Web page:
Radio Panik has become synonymous with a sanctuary for anyone and everyone fond of the eccentric and experimental.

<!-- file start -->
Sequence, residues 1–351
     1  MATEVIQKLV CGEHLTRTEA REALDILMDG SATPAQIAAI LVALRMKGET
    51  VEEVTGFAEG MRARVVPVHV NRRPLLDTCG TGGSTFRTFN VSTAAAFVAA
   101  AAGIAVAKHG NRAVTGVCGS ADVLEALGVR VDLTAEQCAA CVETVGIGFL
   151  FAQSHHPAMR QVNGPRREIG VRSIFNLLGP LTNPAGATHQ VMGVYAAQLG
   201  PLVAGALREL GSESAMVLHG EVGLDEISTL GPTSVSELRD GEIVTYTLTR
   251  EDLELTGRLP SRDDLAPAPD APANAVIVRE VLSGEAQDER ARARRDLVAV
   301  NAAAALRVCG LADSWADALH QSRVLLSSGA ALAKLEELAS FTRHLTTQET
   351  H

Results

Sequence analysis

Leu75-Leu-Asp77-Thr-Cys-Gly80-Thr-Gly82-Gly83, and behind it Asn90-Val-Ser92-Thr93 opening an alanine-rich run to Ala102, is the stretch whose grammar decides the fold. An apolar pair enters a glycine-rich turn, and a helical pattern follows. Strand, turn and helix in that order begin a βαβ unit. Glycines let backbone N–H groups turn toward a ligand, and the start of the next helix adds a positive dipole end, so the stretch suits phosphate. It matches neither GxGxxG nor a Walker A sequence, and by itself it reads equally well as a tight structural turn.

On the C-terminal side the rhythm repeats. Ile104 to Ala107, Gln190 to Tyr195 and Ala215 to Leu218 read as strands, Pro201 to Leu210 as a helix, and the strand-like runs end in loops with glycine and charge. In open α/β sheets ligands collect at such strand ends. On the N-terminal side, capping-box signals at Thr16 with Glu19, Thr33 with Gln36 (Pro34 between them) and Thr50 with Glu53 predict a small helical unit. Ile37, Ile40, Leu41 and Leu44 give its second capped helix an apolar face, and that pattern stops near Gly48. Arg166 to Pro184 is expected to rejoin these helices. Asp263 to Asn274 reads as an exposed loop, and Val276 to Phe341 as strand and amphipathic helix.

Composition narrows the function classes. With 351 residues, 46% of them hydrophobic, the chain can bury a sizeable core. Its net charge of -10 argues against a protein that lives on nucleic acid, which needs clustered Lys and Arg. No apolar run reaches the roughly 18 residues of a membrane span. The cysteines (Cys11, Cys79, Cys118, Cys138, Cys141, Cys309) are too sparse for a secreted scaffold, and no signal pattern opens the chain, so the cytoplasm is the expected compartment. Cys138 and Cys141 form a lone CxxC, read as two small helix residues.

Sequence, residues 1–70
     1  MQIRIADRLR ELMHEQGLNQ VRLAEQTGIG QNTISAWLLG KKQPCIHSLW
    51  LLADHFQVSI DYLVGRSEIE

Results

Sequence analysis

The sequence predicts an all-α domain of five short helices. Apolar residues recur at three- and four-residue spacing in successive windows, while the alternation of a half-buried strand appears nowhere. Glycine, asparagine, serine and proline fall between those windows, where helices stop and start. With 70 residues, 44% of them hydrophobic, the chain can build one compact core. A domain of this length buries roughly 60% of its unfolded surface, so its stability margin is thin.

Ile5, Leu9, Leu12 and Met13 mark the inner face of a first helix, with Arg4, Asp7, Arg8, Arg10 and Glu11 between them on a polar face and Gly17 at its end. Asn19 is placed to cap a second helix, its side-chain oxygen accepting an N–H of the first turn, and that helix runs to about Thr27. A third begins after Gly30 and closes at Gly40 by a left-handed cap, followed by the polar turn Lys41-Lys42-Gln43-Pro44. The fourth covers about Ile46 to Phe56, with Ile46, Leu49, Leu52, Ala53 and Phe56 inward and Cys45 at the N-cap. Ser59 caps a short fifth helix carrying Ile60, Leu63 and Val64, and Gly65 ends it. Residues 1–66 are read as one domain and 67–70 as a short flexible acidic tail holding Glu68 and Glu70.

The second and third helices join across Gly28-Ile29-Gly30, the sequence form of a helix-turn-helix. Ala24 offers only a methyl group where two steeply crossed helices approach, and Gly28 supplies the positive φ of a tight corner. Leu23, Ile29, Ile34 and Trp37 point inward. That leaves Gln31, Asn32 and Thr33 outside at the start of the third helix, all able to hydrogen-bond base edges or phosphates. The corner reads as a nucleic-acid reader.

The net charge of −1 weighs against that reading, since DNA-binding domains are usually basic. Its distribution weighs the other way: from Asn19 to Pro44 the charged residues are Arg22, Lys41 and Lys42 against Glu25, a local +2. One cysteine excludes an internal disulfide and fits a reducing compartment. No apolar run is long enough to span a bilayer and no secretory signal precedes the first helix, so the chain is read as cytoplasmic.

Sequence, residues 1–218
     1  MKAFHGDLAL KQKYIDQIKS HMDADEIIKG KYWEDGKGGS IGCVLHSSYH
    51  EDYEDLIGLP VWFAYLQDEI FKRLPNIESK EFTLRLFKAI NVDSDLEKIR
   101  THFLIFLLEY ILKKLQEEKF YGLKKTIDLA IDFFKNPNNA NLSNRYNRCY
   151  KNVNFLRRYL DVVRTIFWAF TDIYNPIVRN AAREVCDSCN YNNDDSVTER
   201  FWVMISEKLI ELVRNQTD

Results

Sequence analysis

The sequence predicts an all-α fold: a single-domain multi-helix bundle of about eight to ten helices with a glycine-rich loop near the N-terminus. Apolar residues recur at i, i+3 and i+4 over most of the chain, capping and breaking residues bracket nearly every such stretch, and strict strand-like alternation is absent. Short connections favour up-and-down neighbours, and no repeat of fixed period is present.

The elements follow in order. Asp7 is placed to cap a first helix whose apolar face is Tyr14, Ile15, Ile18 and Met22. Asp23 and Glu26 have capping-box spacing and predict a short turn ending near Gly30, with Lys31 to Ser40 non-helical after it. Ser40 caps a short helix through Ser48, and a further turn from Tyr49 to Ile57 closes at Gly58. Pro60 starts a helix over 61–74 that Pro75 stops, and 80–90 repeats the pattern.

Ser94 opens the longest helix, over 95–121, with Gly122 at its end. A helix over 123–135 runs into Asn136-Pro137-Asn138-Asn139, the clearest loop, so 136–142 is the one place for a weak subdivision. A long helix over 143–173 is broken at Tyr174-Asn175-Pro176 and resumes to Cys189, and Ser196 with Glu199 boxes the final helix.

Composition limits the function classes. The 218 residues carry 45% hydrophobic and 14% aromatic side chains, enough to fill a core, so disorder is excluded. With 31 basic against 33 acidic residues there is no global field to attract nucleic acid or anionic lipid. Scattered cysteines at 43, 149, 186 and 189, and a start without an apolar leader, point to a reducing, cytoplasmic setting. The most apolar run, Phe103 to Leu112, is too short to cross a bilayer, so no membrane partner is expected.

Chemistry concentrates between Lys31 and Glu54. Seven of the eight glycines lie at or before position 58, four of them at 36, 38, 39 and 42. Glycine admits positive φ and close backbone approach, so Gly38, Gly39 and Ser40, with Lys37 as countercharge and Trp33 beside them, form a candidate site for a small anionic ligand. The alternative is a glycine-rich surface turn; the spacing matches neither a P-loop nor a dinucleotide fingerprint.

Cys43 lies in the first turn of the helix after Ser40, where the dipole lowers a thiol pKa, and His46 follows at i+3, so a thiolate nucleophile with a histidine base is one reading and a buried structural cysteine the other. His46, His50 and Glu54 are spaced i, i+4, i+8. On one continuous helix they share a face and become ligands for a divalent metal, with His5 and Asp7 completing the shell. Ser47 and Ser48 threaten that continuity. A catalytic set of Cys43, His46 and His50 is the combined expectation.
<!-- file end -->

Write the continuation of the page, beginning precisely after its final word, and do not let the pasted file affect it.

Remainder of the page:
Maurizio, who collaborated with everyone from Felix Kubin to Lexi Disques’ Catherine Pleneveaux, has been hosting the Brussels Alternative Show for 20 years now. Initially starting out at Radio Campus, he failed the obligatory technical exam. “They kicked me out because I was using their ReVox (tape recorders). Not that I didn’t know how to handle them. Nevertheless, Radio Campus’ security kicked me out – by force.” And while there’s definitely no lack of longstanding shows on the platform, one can notice, little by little, more of a blend between the old-timers and today’s younger generation of music fiends: Maurizio widened his show’s scope to include other DJs and producers, with both Handless DJ, Lawrence Le Doux, Dimitri Runkkari and Maurizio managing the show. “After 20 years, I did tell myself that it was high time to include others on the show. I’ve always had guests, though. But co-hosts are a different story. Younger people look for things that I don’t necessarily look for. And they’re fast learners. It’s interesting to work with different generations at once,” he says. A firm believer in the energy and power that comes along with recording together in a studio, Maurizo is quite sceptical towards pre-recorded podcasts. “Interacting with your public is one of the first priorities. It’s all well and fine to announce your show on social media two days in advance. But it doesn’t compare to posting a photo, for example, when you’re in the studio. It shows engagement and people will automatically be more inclined to tune in.”